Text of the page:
- Use content marketing strategies based on the position of your consumer in their buyer’s journey
- Content volume and variation will capture a larger audience
- You can repackage your content into gated and non-gated formats
- Employ SEO and keyword optimization tactics for organic discovery of your content
Life science content marketing is an integral part of inbound marketing strategies. While outbound sales initiatives and direct product advertisements still have specific use cases, content marketing is a complementary method to attract and engage consumers. Content marketing is based on providing a consumer with something of inherent value to grab their attention and lets your company become a trusted resource.
Biotech and life science companies especially benefit from content marketing; it augments existing marketing approaches of direct product or service ads. Starting or maintaining content marketing practices can be daunting. With suggestions from Samba Scientific’s Director of Science Marketing Jenna Gallegos, we’ve broken down some key elements to focus on.
Know when to use content marketing strategies for your life science company
Content marketing is most effective depending on where your consumer is in during the buyer’s journey. The three broad stages of the buyer’s journey consist of awareness, consideration, and decision. Content marketing is ideal for consumers in the awareness stage and some consumers early in the consideration stage.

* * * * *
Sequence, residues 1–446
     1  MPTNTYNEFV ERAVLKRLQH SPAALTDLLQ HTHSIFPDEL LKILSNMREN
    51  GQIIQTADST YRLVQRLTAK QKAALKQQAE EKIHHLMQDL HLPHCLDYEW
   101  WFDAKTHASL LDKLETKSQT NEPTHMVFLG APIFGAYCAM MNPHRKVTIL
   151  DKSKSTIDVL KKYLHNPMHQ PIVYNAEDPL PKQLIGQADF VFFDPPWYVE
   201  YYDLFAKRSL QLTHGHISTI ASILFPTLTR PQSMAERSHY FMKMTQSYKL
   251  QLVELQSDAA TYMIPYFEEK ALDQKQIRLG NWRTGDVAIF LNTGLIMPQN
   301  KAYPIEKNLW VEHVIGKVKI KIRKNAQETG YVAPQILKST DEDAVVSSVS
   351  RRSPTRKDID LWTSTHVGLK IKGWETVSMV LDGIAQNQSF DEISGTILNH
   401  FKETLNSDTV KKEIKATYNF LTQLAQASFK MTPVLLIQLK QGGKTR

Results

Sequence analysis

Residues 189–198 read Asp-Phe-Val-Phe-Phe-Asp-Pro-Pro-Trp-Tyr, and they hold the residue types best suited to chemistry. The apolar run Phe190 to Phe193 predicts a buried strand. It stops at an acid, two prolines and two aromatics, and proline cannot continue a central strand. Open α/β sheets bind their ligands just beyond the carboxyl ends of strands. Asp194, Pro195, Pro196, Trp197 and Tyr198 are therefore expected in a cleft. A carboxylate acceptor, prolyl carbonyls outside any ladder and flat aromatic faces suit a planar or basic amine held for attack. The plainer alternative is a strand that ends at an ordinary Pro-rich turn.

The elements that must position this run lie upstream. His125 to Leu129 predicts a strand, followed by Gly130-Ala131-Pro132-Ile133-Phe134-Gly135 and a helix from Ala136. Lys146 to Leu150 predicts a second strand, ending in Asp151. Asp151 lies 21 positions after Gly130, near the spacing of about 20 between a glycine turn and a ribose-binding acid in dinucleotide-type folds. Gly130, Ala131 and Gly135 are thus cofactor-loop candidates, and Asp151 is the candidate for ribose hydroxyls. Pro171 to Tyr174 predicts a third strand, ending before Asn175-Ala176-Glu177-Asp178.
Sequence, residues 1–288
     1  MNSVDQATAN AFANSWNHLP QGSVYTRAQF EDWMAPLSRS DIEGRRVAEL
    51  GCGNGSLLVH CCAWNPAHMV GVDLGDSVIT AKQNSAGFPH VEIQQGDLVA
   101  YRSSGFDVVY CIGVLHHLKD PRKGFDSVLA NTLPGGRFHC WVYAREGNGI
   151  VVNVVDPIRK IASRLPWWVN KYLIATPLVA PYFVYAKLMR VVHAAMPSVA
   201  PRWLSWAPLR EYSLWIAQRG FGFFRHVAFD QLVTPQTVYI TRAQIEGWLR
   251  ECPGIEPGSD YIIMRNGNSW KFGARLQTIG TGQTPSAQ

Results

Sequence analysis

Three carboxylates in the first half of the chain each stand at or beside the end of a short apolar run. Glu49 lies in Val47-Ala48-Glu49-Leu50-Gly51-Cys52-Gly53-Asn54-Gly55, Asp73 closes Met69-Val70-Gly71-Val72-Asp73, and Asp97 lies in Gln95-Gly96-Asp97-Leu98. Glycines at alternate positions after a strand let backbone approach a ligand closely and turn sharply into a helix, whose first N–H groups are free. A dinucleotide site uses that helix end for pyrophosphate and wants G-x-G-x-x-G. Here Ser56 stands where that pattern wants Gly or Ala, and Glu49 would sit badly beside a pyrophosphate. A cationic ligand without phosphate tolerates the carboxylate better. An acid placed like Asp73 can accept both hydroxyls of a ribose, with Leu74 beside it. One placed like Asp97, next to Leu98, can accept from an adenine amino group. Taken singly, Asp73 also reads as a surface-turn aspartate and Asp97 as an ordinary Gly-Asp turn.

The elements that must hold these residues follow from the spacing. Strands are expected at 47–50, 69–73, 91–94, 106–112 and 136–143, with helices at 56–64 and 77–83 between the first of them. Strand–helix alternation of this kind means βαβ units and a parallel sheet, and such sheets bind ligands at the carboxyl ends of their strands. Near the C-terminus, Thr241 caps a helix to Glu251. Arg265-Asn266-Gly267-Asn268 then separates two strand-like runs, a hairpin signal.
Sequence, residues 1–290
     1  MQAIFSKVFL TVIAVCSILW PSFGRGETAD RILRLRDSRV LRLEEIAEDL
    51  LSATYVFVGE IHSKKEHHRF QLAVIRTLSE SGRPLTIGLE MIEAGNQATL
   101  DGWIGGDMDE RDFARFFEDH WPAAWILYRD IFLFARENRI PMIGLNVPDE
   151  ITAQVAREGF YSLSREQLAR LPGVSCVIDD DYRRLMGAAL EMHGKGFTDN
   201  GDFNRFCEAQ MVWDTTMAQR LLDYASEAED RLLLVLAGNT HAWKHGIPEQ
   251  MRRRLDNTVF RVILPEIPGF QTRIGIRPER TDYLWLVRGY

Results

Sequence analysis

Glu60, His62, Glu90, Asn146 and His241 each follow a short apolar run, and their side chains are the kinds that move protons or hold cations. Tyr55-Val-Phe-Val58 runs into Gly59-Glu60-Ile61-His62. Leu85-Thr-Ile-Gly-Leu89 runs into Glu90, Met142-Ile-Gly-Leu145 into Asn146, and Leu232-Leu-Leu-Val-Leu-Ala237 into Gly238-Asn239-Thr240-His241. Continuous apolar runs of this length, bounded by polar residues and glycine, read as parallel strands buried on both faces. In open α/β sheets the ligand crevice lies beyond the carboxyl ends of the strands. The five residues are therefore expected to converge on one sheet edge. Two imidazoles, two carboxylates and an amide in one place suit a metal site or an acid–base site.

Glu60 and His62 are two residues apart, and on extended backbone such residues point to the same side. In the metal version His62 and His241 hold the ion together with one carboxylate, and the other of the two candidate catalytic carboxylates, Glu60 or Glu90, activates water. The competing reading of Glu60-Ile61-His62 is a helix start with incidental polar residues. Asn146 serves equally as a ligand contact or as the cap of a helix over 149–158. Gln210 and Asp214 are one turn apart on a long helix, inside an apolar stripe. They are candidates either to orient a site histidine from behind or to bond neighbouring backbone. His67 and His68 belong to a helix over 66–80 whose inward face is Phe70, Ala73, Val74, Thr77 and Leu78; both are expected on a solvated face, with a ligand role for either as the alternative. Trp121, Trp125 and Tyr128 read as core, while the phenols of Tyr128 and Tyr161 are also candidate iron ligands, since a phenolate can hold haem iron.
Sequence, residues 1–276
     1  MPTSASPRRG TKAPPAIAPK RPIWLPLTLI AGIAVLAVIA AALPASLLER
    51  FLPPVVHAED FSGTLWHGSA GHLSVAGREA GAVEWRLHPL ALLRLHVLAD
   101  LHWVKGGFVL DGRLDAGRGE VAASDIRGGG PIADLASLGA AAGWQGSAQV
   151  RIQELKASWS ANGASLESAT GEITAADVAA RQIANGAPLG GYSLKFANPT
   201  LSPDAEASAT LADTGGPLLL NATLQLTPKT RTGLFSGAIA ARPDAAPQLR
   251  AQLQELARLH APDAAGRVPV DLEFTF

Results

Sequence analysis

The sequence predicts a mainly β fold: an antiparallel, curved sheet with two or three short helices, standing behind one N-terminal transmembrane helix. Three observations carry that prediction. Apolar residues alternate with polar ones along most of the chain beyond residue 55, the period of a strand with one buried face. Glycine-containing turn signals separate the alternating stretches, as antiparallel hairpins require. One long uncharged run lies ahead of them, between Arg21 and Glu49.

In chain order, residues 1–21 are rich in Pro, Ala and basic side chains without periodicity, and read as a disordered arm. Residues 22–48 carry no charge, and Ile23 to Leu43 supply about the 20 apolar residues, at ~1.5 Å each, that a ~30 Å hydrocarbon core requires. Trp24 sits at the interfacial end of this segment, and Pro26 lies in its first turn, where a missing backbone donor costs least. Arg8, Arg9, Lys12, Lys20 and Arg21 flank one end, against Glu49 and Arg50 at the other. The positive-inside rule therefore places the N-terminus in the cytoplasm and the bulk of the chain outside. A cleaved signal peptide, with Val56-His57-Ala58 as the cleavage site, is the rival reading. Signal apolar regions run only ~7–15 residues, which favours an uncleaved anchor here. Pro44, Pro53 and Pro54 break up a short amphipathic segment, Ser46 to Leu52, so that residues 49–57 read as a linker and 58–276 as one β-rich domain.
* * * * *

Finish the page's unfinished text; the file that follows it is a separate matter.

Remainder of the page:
These consumers are identifying their problem and beginning to research solutions. It would be inappropriate to provide product or service information to them at this point – if they are still identifying their problem then they may not have a defined what they need in a solution. Instead, it’s more beneficial to provide educational content regarding their problem. This establishes trust in your expertise in the field and the consumer will likely turn to you again when they decide on a solution. The goal is to provide the right messaging at the right time.
At the decision stage, content marketing shifts from providing information about a problem to explaining why you are the solution. People at this stage are existing customers or highly qualified prospects that need help in the decision process. Building your content strategy with the buyer’s journey in mind is a great way to prioritize your execution plan.
Determine what life science content to publish
Content is almost anything consumable from blogs and white papers to videos and social media posts. Producing content can be time intensive, so when starting out it could be better to pick a limited number of content types and expand later. For instance, you could start producing blogs, newsletters, and social media posts and later expand into resource-heavy educational videos and webinars.